We have a number of new exciting podcasting initiatives in process. In one way, I feel like we are joining the podcasting party a year after everyone else, but in another way, this work didn’t seem quite this easy until now. It also takes time for anyone to warm up to actually using a new innovation in the classroom.
The first is podcast by phone, which I have written about before as a proof of concept. I first offered this to the upper school students and teachers as an open resource, but adoption has been slow. The middle school was the first to try it with a class activity. Twenty middle school students and three teachers take an annual trip to Costa Rica to perform service work and meet students at a peer school there. This year, one of the trip leaders is putting in a call to our podcast channel every few days. This has proven a great way to keep parents and the rest of the middle school body in the loop on the group’s progress in Costa Rica.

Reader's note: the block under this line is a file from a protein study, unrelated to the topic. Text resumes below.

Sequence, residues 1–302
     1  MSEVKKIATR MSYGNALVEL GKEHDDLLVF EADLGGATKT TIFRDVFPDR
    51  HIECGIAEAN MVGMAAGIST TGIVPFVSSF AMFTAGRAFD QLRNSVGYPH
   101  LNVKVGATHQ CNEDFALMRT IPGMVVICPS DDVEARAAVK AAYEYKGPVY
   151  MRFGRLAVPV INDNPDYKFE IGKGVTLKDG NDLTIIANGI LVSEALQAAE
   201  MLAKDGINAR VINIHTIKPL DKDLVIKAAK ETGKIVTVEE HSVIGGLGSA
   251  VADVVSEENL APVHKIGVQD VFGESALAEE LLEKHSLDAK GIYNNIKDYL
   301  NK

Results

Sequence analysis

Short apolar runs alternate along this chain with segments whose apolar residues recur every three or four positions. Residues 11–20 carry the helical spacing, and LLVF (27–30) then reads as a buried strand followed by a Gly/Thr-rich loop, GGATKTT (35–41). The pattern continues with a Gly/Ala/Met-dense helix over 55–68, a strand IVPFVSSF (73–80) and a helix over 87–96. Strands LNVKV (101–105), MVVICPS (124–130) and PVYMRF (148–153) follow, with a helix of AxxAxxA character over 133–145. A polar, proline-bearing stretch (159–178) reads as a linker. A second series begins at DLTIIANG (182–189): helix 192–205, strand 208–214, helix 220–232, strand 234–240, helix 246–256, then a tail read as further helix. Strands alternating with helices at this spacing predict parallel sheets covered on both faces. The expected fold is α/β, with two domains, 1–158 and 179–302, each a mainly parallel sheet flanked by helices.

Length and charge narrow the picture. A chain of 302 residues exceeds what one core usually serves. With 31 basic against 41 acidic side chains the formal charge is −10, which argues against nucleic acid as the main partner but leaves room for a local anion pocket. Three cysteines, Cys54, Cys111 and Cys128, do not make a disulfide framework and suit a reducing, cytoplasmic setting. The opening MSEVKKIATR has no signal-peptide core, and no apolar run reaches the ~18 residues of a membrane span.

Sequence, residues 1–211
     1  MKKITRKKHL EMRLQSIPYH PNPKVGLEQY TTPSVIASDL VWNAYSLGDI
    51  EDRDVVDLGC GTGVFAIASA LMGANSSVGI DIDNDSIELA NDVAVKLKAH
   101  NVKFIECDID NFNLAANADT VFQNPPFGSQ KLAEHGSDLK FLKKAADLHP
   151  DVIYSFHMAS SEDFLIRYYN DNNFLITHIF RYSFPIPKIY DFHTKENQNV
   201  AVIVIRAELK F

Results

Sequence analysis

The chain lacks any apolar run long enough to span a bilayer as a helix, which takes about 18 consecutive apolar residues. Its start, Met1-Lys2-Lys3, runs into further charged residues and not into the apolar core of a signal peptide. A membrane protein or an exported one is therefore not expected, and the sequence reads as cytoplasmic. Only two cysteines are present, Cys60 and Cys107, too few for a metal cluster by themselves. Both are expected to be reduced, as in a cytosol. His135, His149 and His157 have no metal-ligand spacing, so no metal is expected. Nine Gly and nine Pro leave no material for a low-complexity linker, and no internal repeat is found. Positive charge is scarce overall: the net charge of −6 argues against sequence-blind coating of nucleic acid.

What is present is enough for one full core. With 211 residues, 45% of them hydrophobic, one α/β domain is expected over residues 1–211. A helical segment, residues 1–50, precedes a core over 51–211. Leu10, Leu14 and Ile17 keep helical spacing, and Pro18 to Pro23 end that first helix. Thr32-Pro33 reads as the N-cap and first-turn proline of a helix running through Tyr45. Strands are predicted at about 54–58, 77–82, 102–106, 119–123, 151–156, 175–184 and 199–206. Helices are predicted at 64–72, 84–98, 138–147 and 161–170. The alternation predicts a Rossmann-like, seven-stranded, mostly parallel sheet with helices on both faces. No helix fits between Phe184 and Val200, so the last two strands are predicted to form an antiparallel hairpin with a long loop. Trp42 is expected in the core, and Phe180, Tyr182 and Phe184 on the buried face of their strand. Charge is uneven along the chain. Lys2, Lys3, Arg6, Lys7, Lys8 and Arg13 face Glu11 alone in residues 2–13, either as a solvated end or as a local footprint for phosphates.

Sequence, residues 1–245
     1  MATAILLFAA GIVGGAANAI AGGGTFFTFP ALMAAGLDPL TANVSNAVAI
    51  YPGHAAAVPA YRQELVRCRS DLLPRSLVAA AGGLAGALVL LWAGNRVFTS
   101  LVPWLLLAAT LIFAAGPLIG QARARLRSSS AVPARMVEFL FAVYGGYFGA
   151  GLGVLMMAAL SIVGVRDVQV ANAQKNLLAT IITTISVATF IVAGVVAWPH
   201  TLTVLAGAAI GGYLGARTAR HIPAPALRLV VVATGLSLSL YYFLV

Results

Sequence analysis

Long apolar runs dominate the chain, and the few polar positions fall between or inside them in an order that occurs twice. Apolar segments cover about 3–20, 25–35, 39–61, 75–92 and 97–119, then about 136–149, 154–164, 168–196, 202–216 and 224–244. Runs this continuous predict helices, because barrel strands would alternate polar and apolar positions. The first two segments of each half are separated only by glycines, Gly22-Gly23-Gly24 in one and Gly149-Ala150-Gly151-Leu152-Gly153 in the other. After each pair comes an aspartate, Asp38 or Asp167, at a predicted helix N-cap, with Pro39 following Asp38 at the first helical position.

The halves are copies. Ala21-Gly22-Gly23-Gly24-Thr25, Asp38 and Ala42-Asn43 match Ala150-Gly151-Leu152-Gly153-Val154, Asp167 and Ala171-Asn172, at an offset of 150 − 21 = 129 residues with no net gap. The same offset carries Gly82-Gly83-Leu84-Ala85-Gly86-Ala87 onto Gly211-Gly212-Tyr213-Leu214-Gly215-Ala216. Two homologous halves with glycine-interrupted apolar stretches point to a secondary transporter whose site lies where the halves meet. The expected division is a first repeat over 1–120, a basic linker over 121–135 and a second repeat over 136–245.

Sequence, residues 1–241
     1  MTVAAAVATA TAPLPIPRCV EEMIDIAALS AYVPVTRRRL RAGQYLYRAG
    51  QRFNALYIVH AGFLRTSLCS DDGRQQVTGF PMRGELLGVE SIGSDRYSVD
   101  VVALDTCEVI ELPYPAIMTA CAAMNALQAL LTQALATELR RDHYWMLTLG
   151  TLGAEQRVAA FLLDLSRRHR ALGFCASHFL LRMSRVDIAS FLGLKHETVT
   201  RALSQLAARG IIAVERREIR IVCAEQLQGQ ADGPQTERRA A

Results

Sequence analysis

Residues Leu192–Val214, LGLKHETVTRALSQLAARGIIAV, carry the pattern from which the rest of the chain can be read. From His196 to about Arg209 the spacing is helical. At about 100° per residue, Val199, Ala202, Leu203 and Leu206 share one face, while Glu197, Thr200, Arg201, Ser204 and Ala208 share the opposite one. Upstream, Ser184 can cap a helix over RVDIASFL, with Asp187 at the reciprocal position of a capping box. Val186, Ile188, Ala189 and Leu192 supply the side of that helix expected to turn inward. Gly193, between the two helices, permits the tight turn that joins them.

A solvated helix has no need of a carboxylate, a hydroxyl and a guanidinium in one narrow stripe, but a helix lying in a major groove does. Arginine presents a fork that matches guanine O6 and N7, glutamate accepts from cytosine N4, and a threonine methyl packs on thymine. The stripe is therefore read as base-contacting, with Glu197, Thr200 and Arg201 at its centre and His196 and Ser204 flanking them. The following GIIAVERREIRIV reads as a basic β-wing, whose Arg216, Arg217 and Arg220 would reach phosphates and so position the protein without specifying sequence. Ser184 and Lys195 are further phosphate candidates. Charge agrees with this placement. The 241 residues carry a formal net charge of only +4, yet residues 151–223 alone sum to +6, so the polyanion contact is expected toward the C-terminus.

The other groundbreaker has been really small podcast recording devices. We have acquired a few Olympus audio recorders. They are really small, record in WMV format, and have built-in USB support, so you just connect one to a computer to copy audio files to your computer. The device controls are pretty easy to use to record, play back and file new recordings. Connect a small lapel mic to the recorder to avoid the device slipping inside the speaker’s sportcoat! We also got a higher-fidelity Edirol recording device, but the practicality of the tiny Olympus devices have made them the popular choice for spoken presentations. Try free Switch to batch convert WMV to MP3 files.
These two means of recording podcasts have practically removed the possibility of technology being the obstacle to successful podcasting. I have high hopes for continued success as we roll out additional ways to podcast: Moodle plug-ins, and the “old-fashioned” built in computer mic and Audacity!